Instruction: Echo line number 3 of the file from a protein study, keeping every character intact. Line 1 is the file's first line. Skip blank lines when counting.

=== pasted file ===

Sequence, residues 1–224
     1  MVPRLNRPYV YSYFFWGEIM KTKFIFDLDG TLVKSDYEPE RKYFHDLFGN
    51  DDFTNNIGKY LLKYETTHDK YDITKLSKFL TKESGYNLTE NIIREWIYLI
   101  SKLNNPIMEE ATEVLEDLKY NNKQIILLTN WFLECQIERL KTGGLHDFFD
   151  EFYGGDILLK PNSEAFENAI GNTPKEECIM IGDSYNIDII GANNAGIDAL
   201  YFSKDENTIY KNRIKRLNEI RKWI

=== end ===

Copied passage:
    51  DDFTNNIGKY LLKYETTHDK YDITKLSKFL TKESGYNLTE NIIREWIYLI